After some time using de-escalation techniques, offers of food, drink, escape, to downright begging, we tried some IM medication.  I got punched in the face giving our gentleman 2.5mg of IM haloperidol.  About 5 minutes later his daughter arrived.  She took one look at her dad held out her hand, sighed, said “come over here Dad”, her father immediately let himself out of the toilet, and came to his daughter’s outstretched hand.

As she walked him back to his bed I heard him say “Thank god you came, I don’t know why they were keeping my trapped in that loo”

I love my job.


Paediatric Gastroenteritis

vomitWarning.  This is occasionally devolves into a bit of a rant, however it’s a rant with a sound evidence base.

Can we please give kids with gastroenteritis some anti-emetic?  If you happen to be reading this in the US, Canada, New Zealand or Austrailia where standard practice is a little different, I apologise.  Let me give you some background.

In the UK children who get gastroenteritis and come to ED get assessed, usually because parents have been trying and failing to hydrate them.  We tend to give them an oral fluid challenge.  Usually ORS at 5 or 10mls ever 5 or 10 minutes.  They get a full history, examination, their hydration status is documented and usually we wait for them to urinate.  If they don’t vomit, urinate (and the urine dip is okay), we shout hurrah, fist bump (or would but we are British) and send the parent on their way with a prescription or advice to get or make ORS, and to continue with the little and often amount of fluid required.

If they ‘fail’ this challenge by vomiting we are often forced to admit them, and continue with the cycle until they wee.  Paediatric admission units have one or two of these children on the go at any one time, and we just keep ploughing on until the child stops vomiting, or they get dehydrated enough to require NG or IV fluid.

For some strange reasons in this group of patients there is a lot of resistance to trying an oral fluid challenge with an anti-emetic.

I have yet to hear a coherent reason as to why this but the commonest one is that it ‘might mask symptoms’.  I can’t understand why this could be the case, as anti-emetics work by blocking receptors in the CTZ.  I’m not sure how this would stop vomiting secondary to some other serious disease process.  If someone has a closed head injury like a subdural they are going to continue to vomit no matter what you do, and will have other signs.  Similarly if a child has a metabolic disorder, their BM is going to be low (or really ‘freakin’ high), or there are going to be other clues in the history.  Also I’m suggesting giving a dose of anti-emetic to kids that we have diagnosed with acute gastroenteritis, which implies that you have assessed the patient, taken a history and examined them.  The anti-emetic the literature seems to favour is ondansetron.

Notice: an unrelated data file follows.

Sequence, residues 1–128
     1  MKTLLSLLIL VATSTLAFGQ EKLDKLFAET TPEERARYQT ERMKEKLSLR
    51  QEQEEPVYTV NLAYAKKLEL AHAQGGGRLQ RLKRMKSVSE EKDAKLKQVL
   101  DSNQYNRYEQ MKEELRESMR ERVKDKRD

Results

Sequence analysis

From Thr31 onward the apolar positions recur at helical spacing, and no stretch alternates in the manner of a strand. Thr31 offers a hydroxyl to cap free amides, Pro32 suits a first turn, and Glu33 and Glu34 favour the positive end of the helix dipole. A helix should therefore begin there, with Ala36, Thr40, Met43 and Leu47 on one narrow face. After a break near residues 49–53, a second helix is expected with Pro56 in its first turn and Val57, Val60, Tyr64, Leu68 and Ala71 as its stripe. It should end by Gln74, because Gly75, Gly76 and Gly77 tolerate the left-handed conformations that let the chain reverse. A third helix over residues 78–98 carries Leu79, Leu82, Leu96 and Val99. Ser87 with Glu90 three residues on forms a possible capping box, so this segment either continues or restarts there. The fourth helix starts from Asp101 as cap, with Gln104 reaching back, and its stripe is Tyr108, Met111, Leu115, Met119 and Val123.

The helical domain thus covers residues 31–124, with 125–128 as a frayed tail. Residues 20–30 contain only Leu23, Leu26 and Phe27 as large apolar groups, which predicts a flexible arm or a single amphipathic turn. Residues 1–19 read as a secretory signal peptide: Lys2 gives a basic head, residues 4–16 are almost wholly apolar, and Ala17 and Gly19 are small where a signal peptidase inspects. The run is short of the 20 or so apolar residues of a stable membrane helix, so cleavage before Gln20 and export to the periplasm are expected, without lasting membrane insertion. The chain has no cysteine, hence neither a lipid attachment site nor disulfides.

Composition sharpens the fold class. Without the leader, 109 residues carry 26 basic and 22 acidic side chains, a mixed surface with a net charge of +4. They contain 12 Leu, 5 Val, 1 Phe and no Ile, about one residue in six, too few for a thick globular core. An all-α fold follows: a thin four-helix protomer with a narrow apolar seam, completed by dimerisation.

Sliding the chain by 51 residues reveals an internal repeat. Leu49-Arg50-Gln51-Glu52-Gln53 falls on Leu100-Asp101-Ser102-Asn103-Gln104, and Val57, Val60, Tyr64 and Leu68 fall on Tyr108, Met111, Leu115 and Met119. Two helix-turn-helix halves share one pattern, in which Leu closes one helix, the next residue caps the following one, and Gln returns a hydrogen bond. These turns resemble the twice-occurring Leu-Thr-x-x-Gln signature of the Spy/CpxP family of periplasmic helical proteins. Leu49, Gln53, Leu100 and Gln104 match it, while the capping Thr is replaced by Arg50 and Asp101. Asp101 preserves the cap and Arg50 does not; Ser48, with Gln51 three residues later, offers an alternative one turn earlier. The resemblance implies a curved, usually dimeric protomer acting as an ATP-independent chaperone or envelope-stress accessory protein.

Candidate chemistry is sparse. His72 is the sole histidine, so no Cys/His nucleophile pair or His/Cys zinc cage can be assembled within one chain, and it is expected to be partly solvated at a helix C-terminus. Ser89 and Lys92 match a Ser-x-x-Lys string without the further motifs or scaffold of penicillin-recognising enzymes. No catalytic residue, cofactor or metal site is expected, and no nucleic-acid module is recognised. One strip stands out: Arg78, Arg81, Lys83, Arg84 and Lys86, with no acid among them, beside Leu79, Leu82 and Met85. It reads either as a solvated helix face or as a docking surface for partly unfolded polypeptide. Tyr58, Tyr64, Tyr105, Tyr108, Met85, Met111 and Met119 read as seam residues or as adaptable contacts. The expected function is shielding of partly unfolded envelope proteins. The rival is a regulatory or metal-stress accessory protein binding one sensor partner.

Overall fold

So will we miss something? 

Looking for evidence for this is tricky, as it’s hard to prove a negative, especially when the ‘things we might miss’ are very rare metabolic disorders.  There is some research that backs me up.

Sturm, Jesse J., et al. “Ondansetron use in the pediatric emergency department and effects on hospitalization and return rates: are we masking alternative diagnoses?.” Annals of emergency medicine 55.5 (2010): 415-422.

Sturm conducted a retrospective review of visits to paediatric EDs in Atlanta, USA, between 2005 and 2007.  34 117 charts were reviewed, and ondansetron was used for 19857 patients.  They found that there was no significant change in the diagnosis at discharge between children given ondansetron and those who weren’t, they were also less likely to be admitted.  Children who were given ondansetron were more likely to return, and then be readmitted, but the admission rate globally was less in the ondansetron group than the nothing group.

Okay so it means we probably won’t miss anything but does it actually work?